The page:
All the best for the new year. Let’s all hope this year is less chaotic than previous ones. The pandemic did not do much for people, but the different lockdowns helped to remind them of the powerful and simple pleasures that a garden can bring.
As a means of reconnecting to the natural world, and as a space to grow herbs, flowers and vegetables, this relationship to a garden can be seen as an expression of gratitude for all that gardening has to offer.
What is the future for our gardens in 2022? There is nothing. They do not shift or change according to fashion. The same deep pleasures that have been a part of our lives for so many years will never be out-of-date or lose their power.
Monty Don (pictured) offers advice to gardeners in light of the effects of climate change on the UK
On the other side, gardeners will find existing items more important and timely. Of all the pressing issues, climate change is undoubtedly the largest.
For the past ten years, at least, all gardeners have noticed the effect of climate change on flowering times in spring, as well as strange behaviour like fruit trees blossoming in late summer – which is a direct result of insufficient cold weather in winter.
Winter is proving difficult for many insects and fungi. Extreme weather makes life more difficult. My garden floods more frequently and the east is becoming drier.
We are seeing a decline in our bird, insect and butterfly populations. Gardens are now becoming sanctuary for those creatures who used to live in agricultural areas.
Climate change and wildlife run hand in hand, and gardeners can – and I believe must – work hard to stop things getting worse. Start with the Ps. Pesticides, plastic and peat. You should completely eliminate the two Ps and change how you use the threerd.
Peat should not be used for plants by anyone, wholesalers or retailers included. It is important to ban peat-based soil compost. The peat ecosystem is unique because it can only regenerate itself every year at a rate of 1mm per year.
The work of a bulldozer can take an hour to complete, while a repair could take 1,000 years. Peat is not an option. There are many alternatives.
The ‘pesticides’ (and the fungicides), are an inefficient and crude way to control so-called “pests”. They are not always specific, and can cause too many collateral damages.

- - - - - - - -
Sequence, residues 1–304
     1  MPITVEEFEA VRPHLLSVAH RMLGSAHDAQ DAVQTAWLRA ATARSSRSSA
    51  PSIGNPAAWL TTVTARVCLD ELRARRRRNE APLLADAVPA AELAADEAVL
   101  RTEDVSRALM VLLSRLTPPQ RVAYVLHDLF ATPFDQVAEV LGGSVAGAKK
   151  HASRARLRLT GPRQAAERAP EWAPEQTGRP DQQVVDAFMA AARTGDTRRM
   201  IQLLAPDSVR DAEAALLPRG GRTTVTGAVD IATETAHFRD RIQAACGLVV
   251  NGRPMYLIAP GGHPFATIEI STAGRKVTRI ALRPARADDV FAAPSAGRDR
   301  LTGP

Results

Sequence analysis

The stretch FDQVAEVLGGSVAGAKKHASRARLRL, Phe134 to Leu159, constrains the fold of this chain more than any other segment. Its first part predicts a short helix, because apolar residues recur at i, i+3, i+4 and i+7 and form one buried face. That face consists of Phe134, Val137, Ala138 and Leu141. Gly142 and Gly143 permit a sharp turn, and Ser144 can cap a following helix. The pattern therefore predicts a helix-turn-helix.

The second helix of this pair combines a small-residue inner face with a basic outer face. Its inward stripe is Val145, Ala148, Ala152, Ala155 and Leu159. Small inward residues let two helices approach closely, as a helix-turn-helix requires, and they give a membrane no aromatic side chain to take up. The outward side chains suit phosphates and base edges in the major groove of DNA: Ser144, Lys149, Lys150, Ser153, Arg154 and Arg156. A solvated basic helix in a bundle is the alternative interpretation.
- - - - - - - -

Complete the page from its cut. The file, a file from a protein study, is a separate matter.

It is better to promote a diverse range of wildlife in your garden by using a pond and long grass, as well as plenty of cover. This will allow the plant to regulate its own growth.
Plastic is a problem for gardeners. They use way too much. Your black plastic pots can be recycled, but it is not a good idea.
If you are able, avoid buying single-use plastic pots for plants. Buy the most robust plastic pots you can find and reuse them as often as possible – and if you can find a viable alternative, such as terracotta, cardboard or coir, then even better.
We can all contribute in 2022 to climate change mitigation and the preservation of the natural world through our gardens.
While no one person can be able to do it all, everyone can make a difference. Many small steps can lead to big changes.
MONTY’S PLANT DU DEUX OF THE WEEK
Monty said Amaryllis should be put somewhere warm and dark, and as soon as a stem appears with a bud, bring it to a bright windowsill in a warm room
You’ll have many amaryllis presents for Christmas. If you don’t want to wait until spring, you may be able to plant them right away.
Make sure you choose the right size pot for your bulb. Make sure to use a finely ground compost mixture.
It should be kept somewhere dark and warm. When a stem with a flowerbud appears, place it on a sunny windowill in a warm area. Move the blooms to a cool place once they open. This will prolong their flowering. It should not be left to dry and you must give it a tomato-based feed about every ten days.
JOB THIS WEEK
Reduce Hellebore Leaves
The leaves of hellebores are kept until the new spring when they can be replaced with fresh ones. You can begin to remove the dead leaves by cutting them off now. All leaves must be removed by February end to avoid the virus hellebore black Death.
Monty Don’s Adriatic Gardens will be broadcast on BBC2 at 8PM on Friday.